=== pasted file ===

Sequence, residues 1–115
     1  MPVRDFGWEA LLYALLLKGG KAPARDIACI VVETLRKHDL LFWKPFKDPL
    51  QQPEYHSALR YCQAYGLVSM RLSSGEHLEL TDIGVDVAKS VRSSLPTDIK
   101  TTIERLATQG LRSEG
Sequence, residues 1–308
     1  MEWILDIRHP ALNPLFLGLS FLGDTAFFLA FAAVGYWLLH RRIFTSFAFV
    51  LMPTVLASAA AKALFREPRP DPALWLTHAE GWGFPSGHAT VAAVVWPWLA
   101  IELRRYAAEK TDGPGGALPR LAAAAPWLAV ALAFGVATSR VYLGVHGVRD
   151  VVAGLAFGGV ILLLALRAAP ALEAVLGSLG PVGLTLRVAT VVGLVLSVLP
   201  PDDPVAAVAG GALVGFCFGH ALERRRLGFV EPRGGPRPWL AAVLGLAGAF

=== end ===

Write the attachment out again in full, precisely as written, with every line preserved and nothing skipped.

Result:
Sequence, residues 1–115
     1  MPVRDFGWEA LLYALLLKGG KAPARDIACI VVETLRKHDL LFWKPFKDPL
    51  QQPEYHSALR YCQAYGLVSM RLSSGEHLEL TDIGVDVAKS VRSSLPTDIK
   101  TTIERLATQG LRSEG
Sequence, residues 1–308
     1  MEWILDIRHP ALNPLFLGLS FLGDTAFFLA FAAVGYWLLH RRIFTSFAFV
    51  LMPTVLASAA AKALFREPRP DPALWLTHAE GWGFPSGHAT VAAVVWPWLA
   101  IELRRYAAEK TDGPGGALPR LAAAAPWLAV ALAFGVATSR VYLGVHGVRD
   151  VVAGLAFGGV ILLLALRAAP ALEAVLGSLG PVGLTLRVAT VVGLVLSVLP
   201  PDDPVAAVAG GALVGFCFGH ALERRRLGFV EPRGGPRPWL AAVLGLAGAF